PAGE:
Making the grade

I received an email today at 7:09 AM from a parent:

Mrs. Lepre, why aren’t you using the traditional grades in your class? What does a “3” mean? It’s easier for me to look at A B C grades to keep up with how she’s doing. I never agreed with pretending WE ARE ALL DOING GREAT. If they EARNED an F, then let that be an F not a 0. Let’s keep it REAL WORLD for them. High School and College are on Letter Grades.

To which I replied at 7:34 AM:

Good morning!

I understand that it’s easier for you to keep up with her grades if it was a traditional A, B, or C, however that letter doesn’t let her know where she needs to improve to prepare for high school.
Last year, my goal was to help the students ease into middle school and bring them to a more level playing field in terms of their reading and writing. This year my goal is to amp it up and get them ready for the rigors of writing in high school. That requires me to give more specific feedback so that both the student and I know where they need to improve. If I give them a score of 1,2,3, or 4 on a specific standard, then they know exactly where their strengths and weaknesses are.
I also want to take the pressure of the grade out of the picture, which I know is a foreign idea for many. If students don’t have to worry about that as long as they commit to improving and working on their areas of weakness, then they will learn to be more reflective and independent. If a student knows that their main area of weakness is capitalization and punctuation, they will be sure to not only try to improve that, but also double-check for those before submitting an assignment.
Honestly most grades in most classes tell students how smart or motivated they are, but they in no way provide feedback on what to do next. If I earn a D on a science test, it most likely means I didn’t study, didn’t get it, or didn’t care. If I retake it and still earn a D, then what? But if I give a student a 3 on “citing the strongest evidence” and a 4 on “author’s main claim,” then they know that they have main claim down and can focus on improving finding the strongest evidence in a text.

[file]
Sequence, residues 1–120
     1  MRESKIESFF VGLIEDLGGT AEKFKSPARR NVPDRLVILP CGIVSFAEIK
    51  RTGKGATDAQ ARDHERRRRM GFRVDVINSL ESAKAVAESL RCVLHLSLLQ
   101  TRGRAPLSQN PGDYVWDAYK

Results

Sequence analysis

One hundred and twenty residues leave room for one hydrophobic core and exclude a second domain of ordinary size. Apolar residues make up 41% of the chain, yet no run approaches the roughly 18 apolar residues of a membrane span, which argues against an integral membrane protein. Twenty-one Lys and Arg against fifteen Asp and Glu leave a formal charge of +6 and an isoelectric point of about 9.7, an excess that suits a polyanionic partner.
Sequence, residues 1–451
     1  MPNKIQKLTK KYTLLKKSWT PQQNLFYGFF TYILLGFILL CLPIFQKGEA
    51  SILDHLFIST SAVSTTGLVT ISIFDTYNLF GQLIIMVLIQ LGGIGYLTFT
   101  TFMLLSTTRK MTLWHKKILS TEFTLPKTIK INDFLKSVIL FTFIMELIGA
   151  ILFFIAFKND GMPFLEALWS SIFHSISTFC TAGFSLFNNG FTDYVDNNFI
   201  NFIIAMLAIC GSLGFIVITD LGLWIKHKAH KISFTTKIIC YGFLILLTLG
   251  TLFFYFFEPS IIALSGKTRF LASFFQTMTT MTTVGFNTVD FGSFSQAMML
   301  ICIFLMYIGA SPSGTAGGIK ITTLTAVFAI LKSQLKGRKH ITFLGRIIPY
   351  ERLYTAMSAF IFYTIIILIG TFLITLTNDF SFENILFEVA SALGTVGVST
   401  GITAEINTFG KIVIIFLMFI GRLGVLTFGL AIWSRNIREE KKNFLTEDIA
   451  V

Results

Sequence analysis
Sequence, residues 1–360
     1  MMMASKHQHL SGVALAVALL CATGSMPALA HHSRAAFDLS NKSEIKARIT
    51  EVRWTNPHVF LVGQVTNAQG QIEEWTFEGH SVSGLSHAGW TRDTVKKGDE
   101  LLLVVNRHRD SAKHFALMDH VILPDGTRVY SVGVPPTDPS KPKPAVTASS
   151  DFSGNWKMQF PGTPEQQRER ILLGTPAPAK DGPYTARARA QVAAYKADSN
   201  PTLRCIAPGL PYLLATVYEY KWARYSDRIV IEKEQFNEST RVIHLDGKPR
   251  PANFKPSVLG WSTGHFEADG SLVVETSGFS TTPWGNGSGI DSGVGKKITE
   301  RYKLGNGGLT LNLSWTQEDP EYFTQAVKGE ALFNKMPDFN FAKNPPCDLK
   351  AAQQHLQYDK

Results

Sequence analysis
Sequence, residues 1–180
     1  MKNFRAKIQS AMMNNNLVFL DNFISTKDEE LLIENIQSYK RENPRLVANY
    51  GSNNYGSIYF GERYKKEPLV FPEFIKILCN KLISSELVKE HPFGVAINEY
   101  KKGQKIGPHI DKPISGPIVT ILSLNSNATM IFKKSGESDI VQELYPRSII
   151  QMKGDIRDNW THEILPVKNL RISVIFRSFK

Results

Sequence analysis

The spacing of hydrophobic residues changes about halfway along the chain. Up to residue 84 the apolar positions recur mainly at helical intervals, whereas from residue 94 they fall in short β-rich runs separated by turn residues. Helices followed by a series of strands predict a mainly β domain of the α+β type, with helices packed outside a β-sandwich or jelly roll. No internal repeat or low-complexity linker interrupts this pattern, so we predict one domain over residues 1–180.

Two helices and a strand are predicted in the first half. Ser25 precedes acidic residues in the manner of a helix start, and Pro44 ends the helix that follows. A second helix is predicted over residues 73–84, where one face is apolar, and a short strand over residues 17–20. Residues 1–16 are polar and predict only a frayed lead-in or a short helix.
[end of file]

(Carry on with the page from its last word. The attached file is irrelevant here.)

Finally, grading them this way also gives me a better picture of each student. Before, I’d look at the sea of A’s and B’s but not necessarily remember how each of my 180 students wrote. Now when I look at the scores on their standards, I know who needs small-group reteaching, and who needs to be stretched a little more. I can basically personalize their learning more than I could before.
Kim Lepre

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 I’m actually surprised it took this long to get a reaction from a parent about my new grading system.  With my particular group of students comes parents who are really involved in their education, which I LOVE. Therefore this new way of looking at grading might be uncomfortable for them, but in the long run, I think it’s beneficial for all.

This video also adds to my argument:

Happy Saturday!

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